I wonder if these things have changed so much in the modern era partly because the amount of text that we generate on a daily basis has grown a lot. We have the capability to produce and save a lot more than people in the past have. (This isn’t a proven statistic, but just thinking through all of the avenues in which we write today, based on what people used writing for in the past. It’s true, we no longer have the pages long love letters, but we have several thousand SMS texts a month!)
Finally, even in deep technical reading for my master’s degree this year, I encountered hardly a book or article that did not have a grammar or spelling mistake in it. That honestly really annoys me, to read very academic literature with mistakes. But, we’re all human, so I understand it. But, it does say something that you can have a book published and re-published, and still not find all of the errors!
These are just a few of the examples of how the text that our students encounter on a daily basis is proving to them that grammar and spelling aren’t really all that important. Maybe that’s a harsh way to put it, I know that there are still some very language conscious people in these networks, but perhaps the amount of people who aren’t grammar conscious is conveying to our students that you don’t have to be so concerned with grammar and spelling.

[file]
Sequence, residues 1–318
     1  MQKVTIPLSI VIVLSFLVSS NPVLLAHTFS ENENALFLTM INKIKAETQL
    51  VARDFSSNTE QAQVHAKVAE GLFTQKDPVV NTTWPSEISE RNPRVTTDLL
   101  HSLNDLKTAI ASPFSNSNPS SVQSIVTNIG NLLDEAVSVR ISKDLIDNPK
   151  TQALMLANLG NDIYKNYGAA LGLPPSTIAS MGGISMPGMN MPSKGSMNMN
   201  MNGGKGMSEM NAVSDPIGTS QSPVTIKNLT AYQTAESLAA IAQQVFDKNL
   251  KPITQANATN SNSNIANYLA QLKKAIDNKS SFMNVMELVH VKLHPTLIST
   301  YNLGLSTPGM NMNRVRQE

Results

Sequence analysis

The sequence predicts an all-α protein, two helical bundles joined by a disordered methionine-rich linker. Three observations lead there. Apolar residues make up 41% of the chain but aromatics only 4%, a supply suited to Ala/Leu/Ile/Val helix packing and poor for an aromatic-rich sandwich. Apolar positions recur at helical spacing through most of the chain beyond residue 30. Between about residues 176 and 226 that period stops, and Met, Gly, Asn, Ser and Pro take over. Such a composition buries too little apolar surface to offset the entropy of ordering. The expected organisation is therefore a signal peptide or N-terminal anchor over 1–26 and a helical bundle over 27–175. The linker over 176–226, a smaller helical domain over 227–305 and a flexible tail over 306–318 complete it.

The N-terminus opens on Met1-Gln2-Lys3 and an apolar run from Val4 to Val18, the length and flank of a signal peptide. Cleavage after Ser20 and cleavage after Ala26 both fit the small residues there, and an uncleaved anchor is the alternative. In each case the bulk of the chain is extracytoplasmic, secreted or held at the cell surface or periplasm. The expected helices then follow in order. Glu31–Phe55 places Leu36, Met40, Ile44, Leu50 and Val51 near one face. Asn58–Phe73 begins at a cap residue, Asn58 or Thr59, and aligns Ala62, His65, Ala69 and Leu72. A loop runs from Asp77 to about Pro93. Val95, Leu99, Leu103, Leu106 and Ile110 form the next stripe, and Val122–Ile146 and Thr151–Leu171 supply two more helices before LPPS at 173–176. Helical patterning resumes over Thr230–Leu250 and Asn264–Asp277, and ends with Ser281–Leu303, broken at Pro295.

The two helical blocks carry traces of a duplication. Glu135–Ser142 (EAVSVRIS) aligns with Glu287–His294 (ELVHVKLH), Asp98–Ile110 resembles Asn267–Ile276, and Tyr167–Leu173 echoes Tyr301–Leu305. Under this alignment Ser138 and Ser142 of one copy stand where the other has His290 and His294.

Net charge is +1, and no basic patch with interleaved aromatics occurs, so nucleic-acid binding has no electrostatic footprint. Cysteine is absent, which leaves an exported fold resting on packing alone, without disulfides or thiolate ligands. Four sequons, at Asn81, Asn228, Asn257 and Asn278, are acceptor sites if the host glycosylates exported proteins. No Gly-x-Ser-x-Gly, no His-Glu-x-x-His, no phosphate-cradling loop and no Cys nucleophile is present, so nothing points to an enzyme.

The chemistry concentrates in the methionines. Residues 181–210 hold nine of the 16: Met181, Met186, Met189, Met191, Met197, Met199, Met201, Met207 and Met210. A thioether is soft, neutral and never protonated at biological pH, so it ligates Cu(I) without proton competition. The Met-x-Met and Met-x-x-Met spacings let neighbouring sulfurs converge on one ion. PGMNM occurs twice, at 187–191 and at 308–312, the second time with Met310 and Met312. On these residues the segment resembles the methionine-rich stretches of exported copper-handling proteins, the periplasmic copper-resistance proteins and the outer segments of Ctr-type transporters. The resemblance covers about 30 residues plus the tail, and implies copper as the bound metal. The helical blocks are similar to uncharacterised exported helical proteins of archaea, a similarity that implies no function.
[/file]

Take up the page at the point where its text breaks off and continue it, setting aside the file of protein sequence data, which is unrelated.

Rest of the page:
3. What’s a good model for approaching these things in the classroom?
So, what do we do with these thoughts? How do we make them worth the while of thinking them? Well, I have a couple of suggestions.
First, we do really need to make our students aware of these realities. We can’t expect to “keep them in the dark” and hope that they’ll turn out to love grammar and spelling and never realize that no one else cares. That’s why I included number 2, they’re going to notice! So, we need to just let them know up front in which situations grammar and spelling really matter and in which they aren’t as important. We should not make our students feel like losers because they struggle with spelling or grammar, especially if they are second language learners, because with that mindset we ought to be viewing a huge portion of our population as losers! So, in the thinking stage, we need to make our students aware of the realities of spelling and grammar in the real world.